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The authors would like to acknowledge Dr. Joseph Libonati for helpful discussions, assistance with animal studies and echocardiogram data analysis. The authors acknowledge the Mouse Cardiovascular Physiology Core at the Penn Cardiovascular Institute for the mouse echocardiography studies.
Funding was provided by the Penn Cardio-Oncology Center of Excellence (to RH and SR), the National Heart Lung and Blood Institute (R01HL118018: PI BK), the National Cancer Institute (R01CA118374: PI SR) and the Breast Cancer Research Foundation (PI: SR).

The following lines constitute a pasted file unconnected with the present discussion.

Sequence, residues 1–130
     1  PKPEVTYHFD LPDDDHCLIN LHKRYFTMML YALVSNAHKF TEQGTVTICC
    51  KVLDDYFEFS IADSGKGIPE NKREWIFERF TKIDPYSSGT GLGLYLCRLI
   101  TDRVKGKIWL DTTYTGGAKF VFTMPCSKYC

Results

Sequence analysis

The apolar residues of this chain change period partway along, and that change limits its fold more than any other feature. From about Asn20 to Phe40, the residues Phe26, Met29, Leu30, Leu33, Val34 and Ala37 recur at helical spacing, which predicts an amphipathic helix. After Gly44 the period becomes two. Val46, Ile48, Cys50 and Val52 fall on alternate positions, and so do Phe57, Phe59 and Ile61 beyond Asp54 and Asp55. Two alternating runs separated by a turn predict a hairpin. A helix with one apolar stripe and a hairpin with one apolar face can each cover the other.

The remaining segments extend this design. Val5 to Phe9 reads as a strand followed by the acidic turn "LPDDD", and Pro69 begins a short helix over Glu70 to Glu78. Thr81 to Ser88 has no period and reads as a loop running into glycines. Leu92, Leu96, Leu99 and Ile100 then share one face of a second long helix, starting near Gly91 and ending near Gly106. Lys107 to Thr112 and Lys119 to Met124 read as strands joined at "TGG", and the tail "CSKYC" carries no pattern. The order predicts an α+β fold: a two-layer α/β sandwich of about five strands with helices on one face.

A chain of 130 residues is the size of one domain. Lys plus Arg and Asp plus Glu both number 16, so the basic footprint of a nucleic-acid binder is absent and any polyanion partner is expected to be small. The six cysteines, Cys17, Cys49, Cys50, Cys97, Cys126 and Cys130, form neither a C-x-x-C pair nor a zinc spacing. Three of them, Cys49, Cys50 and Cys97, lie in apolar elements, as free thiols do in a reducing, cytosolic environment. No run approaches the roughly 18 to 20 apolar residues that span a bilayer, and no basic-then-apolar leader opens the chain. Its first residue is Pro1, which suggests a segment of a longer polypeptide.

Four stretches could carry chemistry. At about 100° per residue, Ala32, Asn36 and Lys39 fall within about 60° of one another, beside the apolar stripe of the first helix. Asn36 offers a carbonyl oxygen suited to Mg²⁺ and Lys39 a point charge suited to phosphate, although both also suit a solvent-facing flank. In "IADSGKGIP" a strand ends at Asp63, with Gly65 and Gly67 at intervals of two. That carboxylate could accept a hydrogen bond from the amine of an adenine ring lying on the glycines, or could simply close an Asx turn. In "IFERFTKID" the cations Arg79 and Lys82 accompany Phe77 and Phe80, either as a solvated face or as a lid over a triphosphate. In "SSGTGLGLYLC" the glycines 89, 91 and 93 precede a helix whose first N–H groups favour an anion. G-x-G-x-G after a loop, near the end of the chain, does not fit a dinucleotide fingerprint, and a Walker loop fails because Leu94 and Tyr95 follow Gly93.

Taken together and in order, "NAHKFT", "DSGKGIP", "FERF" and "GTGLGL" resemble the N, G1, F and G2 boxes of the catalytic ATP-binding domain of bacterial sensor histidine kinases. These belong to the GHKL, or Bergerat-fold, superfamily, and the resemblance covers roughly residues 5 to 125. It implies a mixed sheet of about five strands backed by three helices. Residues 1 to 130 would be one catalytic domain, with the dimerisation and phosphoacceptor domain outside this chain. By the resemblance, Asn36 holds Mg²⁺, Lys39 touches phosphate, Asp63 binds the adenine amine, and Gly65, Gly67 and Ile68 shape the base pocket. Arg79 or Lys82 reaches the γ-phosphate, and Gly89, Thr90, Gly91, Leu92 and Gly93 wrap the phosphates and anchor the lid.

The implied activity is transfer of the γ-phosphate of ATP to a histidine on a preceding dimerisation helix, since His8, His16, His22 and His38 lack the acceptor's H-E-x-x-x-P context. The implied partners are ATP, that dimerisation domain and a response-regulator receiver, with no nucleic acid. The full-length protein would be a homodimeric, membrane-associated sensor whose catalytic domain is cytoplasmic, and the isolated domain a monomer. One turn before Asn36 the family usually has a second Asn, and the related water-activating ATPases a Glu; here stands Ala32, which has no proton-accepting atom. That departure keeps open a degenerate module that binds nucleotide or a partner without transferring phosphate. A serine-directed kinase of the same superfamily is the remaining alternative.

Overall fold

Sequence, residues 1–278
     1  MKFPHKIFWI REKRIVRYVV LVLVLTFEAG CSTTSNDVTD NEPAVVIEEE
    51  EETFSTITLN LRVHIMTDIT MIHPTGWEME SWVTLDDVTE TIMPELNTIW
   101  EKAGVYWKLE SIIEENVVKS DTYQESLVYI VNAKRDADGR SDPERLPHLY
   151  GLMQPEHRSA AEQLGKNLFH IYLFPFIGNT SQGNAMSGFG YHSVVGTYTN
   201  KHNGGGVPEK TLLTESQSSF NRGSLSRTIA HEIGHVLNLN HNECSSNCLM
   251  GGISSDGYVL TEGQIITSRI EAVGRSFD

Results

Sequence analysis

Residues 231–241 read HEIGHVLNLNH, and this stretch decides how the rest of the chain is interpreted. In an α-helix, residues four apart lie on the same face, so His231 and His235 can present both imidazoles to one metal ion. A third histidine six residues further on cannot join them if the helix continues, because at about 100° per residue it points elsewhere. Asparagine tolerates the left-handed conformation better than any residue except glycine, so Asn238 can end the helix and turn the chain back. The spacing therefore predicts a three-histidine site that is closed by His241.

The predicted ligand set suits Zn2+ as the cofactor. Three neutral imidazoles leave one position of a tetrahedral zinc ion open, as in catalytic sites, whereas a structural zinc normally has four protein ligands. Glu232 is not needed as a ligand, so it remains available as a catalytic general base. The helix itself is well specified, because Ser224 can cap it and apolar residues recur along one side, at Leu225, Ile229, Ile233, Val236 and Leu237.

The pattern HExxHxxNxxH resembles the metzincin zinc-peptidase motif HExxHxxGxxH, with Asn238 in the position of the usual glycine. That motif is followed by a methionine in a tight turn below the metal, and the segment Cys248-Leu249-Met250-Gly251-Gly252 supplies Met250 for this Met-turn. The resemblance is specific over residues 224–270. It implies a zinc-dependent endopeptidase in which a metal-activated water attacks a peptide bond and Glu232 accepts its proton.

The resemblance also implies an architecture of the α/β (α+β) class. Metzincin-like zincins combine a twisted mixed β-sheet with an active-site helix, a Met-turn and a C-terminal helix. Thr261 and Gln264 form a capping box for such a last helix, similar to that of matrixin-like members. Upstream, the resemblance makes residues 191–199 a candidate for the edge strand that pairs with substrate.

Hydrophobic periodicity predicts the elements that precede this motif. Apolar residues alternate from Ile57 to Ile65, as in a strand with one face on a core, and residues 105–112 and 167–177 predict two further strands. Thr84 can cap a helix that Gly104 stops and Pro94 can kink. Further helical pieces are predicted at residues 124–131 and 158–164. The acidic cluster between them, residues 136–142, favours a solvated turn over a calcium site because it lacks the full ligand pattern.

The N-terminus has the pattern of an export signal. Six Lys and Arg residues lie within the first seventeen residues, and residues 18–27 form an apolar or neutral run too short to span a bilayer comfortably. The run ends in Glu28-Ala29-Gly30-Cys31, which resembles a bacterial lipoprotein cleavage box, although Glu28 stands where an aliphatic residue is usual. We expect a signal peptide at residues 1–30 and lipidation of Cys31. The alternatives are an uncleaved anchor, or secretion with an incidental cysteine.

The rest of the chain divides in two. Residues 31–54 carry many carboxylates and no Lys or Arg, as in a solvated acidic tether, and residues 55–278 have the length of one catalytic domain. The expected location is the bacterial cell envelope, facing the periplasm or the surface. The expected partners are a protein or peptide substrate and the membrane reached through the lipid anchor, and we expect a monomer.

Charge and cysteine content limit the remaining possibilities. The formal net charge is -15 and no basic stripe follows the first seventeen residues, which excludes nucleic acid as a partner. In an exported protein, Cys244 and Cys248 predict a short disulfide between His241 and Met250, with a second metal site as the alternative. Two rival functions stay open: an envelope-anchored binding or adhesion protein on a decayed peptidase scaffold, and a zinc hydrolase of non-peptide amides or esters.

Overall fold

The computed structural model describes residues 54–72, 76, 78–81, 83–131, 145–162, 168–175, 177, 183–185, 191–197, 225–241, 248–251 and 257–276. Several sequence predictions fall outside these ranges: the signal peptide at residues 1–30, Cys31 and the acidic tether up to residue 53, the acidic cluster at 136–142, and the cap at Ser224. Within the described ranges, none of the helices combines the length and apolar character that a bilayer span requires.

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Hoffman, R.K., Kim, BJ., Shah, P.D. et al. Damage to cardiac vasculature may be associated with breast cancer treatment-induced cardiotoxicity. Cardio-Oncology 7, 15 (2021). https://doi.org/10.1186/s40959-021-00100-3
- Breast cancer
- Chemotherapy-induced toxicity
- Cardiac vasculature
- Endothelial cells